It was the "Reliance Family Day" event and was attended by members of the Ambani family from all generations. The event commemorated the company's 40-year journey since its inception. It also celebrated the 85th birthday of the late Dhirubhai Ambani, RILs (Reliance Industries Limited) founder.
Keywords: Bollywood, Reliance, Amitabh Bachchan, Dhirubhai Ambani, event
In comparison to adults, children are prone to getting traumatized by troubling events easily, and this makes it important for parents to help their children when the times are tough. It could be a brutal accident, an unprecedented pandemic, a violent crime, or other disasters but with the right parental support, children have a higher chance of coming out stronger from an awful situation.
Anuja Kapur, Psychologist shares few tips wherein you can assist your child when tough times comes calling:
Every child responds differently to disturbing events: What children feel about a current disaster in their life and how they react to it can come and go in waves. Children can act moody and withdrawn at times, struck with sorrow and fear at other times. There's no absolute "right" or "wrong" way to feel after a traumatic event so make sure not to dictate what your child or how your child should feel and react to the event.
Children can act moody and withdrawn at times, struck with sorrow and fear at other times. | Photo by Kat J on Unsplash
Encourage your child to be transparent: Just make sure you let your child know that whatever feelings they're experiencing is normal. The unpleasantness will pass if your child opens up about it and that the phase is temporary. While many teens may be reluctant to talk about their feelings with a parent, encourage them to confide in another trusted adult such as a family friend, relative, or a counselor and teacher. It's important to talkeeven if it's not with you.
Just make sure you let your child know that whatever feelings they're experiencing is normal. | Photo by Sebastián León Prado on Unsplash
Deter your child from reliving the disturbing event: Dwelling over, watching the footage, or imagining the event can be overwhelmingly stressful for children and this stress can even block their nervous system. However, to negate such things from happening encourage activities that keep your child's mind occupied so they're not obsessive about the event. You could encourage your children to read, play games together, or simply watch an uplifting movie.
Dwelling over, watching the footage, or imagining the event can be overwhelmingly stressful for children and this stress can even block their nervous system. | Photo by Юлія Дубина on Unsplash
Cocoon your child with warmth: In order to reassure your child that they are safe with you and feel secure, that the worst is over your physical affection is important in making them feel safe again. Teens may try to be tough through it and avoid being held, but they still need the proximity.
In order to reassure your child that they are safe with you and feel secure, that the worst is over your physical affection is important in making them feel safe again. | Photo by adrianna geo on Unsplash
Maintain routines. Establishing a predictable structure and schedule for your child's life can help to make the world seem more stable again. Try to maintain regular times for meals, homework, and family activities. Make sure your child accommodates time and space for rest, play, and fun. Keeping up with a schedule can help countercheck the obnoxious feeling of stress and worry in children about the future being dark, hopeless, and unpredictable.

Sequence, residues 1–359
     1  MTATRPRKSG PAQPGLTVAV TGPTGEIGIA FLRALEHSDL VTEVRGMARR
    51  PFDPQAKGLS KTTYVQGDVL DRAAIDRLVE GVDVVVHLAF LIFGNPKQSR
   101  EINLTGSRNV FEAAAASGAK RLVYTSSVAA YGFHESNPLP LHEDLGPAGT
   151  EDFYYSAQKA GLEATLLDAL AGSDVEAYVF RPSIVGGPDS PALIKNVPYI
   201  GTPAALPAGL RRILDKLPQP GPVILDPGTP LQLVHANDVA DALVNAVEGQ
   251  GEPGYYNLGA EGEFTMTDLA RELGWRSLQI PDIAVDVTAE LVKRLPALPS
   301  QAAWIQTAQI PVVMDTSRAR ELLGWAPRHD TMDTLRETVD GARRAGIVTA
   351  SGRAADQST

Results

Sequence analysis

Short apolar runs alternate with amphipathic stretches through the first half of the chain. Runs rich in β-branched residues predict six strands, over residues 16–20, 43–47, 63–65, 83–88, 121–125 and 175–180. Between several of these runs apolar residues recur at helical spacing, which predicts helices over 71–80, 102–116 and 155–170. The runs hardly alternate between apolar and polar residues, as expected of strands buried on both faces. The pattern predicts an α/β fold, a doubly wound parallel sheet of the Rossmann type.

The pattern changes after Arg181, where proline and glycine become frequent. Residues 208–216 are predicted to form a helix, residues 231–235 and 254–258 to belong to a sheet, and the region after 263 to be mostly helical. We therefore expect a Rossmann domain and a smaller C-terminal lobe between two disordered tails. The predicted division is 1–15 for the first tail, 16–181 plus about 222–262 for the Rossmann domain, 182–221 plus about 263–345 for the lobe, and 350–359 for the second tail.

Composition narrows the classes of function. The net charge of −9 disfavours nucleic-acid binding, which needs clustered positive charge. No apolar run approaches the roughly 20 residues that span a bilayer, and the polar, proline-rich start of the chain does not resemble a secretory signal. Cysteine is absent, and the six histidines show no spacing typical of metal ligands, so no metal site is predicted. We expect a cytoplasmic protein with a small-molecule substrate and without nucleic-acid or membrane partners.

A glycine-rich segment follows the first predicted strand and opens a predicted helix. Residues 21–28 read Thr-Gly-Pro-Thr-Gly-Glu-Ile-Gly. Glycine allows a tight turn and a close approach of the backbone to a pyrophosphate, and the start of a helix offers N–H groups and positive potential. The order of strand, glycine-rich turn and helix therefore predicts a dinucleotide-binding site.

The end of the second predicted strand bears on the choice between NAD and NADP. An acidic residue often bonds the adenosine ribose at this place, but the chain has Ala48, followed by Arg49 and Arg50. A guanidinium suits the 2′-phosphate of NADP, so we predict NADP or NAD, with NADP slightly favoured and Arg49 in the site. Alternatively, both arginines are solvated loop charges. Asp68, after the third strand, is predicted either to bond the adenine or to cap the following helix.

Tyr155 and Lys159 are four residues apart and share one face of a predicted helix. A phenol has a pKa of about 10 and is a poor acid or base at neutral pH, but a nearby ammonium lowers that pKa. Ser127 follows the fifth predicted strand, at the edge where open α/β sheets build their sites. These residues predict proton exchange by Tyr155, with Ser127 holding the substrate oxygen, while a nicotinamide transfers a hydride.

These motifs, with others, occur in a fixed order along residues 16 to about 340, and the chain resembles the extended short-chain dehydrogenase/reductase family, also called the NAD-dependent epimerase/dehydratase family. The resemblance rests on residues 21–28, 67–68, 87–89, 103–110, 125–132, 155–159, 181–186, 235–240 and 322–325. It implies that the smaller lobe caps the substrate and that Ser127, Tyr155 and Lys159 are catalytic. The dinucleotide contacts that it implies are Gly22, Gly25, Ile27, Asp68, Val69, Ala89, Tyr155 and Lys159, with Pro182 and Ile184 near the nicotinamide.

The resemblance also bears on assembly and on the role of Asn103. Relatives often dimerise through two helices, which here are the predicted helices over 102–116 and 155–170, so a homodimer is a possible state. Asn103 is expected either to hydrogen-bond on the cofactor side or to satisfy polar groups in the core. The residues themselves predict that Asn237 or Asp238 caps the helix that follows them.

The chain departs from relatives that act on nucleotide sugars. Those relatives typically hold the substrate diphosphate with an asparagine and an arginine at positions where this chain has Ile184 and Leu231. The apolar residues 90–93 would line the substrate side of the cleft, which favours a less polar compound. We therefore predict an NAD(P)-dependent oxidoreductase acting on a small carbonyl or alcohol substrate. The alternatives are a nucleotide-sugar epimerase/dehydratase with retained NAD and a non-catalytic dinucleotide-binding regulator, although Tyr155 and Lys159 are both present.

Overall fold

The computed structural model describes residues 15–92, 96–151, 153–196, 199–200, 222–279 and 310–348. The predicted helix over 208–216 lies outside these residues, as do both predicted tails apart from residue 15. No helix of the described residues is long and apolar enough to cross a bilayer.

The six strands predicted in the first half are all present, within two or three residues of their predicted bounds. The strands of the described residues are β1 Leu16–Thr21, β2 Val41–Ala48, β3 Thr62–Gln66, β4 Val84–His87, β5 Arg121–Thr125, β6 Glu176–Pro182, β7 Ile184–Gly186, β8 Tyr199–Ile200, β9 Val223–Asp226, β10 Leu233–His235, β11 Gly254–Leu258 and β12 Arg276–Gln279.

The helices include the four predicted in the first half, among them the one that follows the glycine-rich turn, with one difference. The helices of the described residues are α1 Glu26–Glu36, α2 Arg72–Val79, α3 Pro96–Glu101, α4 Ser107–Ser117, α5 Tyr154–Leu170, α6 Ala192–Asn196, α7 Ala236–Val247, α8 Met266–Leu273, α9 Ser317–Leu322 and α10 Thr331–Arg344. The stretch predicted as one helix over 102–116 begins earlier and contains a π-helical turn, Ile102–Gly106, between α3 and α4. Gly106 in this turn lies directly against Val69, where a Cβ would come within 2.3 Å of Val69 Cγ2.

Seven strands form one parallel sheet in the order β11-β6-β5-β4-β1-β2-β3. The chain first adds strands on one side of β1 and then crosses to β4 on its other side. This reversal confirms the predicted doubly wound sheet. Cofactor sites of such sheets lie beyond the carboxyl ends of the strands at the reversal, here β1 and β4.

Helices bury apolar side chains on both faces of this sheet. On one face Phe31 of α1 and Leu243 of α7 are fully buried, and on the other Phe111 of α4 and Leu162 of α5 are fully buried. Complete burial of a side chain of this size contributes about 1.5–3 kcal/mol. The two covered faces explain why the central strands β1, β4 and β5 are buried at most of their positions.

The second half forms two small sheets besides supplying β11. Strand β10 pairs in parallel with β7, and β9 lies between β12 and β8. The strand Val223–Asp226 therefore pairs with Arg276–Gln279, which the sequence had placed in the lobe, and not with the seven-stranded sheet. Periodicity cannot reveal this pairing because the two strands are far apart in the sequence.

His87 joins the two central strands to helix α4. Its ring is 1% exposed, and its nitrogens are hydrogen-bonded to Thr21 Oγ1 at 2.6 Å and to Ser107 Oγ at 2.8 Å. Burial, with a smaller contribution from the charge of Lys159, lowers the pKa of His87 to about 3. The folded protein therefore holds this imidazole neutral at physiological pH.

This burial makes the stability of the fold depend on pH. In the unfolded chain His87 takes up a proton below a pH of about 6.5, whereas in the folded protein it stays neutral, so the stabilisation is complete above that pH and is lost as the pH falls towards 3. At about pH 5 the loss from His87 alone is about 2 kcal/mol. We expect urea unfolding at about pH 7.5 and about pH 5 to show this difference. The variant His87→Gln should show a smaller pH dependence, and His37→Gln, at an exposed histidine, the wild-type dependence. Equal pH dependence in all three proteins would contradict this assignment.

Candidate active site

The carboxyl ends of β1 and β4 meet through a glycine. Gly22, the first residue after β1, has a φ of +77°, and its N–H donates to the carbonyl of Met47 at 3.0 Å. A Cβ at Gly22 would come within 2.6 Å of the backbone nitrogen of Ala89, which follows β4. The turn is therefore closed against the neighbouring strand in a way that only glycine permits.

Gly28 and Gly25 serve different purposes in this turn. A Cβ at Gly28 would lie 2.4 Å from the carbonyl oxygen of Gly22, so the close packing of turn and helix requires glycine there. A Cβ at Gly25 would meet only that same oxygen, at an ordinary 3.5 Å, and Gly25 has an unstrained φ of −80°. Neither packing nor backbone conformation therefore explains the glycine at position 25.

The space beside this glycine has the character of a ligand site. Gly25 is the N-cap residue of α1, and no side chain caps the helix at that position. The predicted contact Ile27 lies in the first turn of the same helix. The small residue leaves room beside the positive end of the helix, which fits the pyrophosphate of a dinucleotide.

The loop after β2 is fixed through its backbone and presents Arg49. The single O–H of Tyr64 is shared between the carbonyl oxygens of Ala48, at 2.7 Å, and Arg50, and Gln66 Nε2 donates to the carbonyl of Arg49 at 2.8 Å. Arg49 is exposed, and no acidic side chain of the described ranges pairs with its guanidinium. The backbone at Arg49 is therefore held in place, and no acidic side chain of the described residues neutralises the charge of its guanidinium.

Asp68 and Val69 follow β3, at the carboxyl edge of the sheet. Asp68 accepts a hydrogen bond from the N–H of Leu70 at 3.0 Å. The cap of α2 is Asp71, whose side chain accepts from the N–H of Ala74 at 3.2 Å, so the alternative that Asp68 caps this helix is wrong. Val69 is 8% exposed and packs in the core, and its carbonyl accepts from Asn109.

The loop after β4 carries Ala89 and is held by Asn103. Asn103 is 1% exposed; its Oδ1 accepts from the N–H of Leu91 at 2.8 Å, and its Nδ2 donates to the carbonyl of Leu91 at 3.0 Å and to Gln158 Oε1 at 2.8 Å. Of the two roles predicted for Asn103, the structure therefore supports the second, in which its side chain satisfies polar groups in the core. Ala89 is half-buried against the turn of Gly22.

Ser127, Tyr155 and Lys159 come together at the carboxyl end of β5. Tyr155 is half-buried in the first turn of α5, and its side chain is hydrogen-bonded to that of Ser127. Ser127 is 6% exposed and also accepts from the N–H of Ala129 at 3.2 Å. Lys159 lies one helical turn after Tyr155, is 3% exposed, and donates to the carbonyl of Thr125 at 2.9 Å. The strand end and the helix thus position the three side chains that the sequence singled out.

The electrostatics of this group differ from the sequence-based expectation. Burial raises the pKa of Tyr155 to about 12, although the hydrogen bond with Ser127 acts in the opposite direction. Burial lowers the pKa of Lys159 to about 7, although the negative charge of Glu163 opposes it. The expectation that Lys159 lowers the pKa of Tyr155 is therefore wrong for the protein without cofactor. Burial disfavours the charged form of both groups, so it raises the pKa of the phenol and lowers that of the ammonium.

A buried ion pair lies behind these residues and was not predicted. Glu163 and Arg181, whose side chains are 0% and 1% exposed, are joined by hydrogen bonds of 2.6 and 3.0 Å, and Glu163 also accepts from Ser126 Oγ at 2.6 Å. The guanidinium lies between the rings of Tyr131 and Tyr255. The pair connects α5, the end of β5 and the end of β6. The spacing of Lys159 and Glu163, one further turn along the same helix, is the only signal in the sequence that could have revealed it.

Try to maintain regular times for meals, homework, and family activities. | Photo by Paico Oficial on Unsplash
Acknowledge and validate your child's concerns. The disastrous events in life may give place to unrelated fright and concerns in your child. However, understanding and accepting your child's present state is a comfort for the child. If at any point the child blames himself for the event make sure to make it clear and crisp the event was not their fault, you love them, and it's okay for them to feel upset, angry, or scared but not guilty.
Understanding and accepting your child's present state is a comfort for the child Photo by Jeremiah Lawrence on Unsplash
Irrespective of the age of your child, it is vital for parents to offer that extra support and assistance following an unsettling event. The traumatic event may bring up unrelated fears and issues in your child. However, by accepting their thoughts and replacing their fear with your love and direction, the ominous feelings will start to fade away. Eventually, the child will be able to return to a normal and healthy life. (IANS/ MBI)
Keywords: Kids, Help, stress, cope, routine, warmth, understanding, encourage, psychology, children
The European Commission, the executive arm of the European Union (EU), has announced plans for smartphone and other electronics manufacturers to fit a common USB-C charging port on their devices in an effort to reduce waste. In addition to phones, the rules will apply to other devices like tablets, headphones, portable speakers, videogame consoles, and cameras, reports The Verge. The decision will have a huge impact on Apple, as the company still uses its own Lightning connector to charge iPhones. The proposals only cover devices using wired, not wireless and a USB-C port is only mandatory for devices that charge using a cable.
"Chargers power all our most essential electronic devices | Photo by Solen Feyissa on Unsplash
"Chargers power all our most essential electronic devices. With more and more devices, more and more chargers are sold that are not interchangeable or not necessary. We are putting an end to that," the report quoted EU commissioner Thierry Breton as saying.
The Commission also wants to unbundle the sale of chargers from the sale of electronic devices, which it says will improve the consumers' convenience. "With our proposal, European consumers will be able to use a single charger for all their portable electronics - an important step to increase convenience and reduce waste." In addition, the Commission will require manufacturers to provide relevant information about charging performance. (IANS/MBI)
Keywords: Electronic Devices, Chargers, Cable, smartphone, Adapters, Charging Cord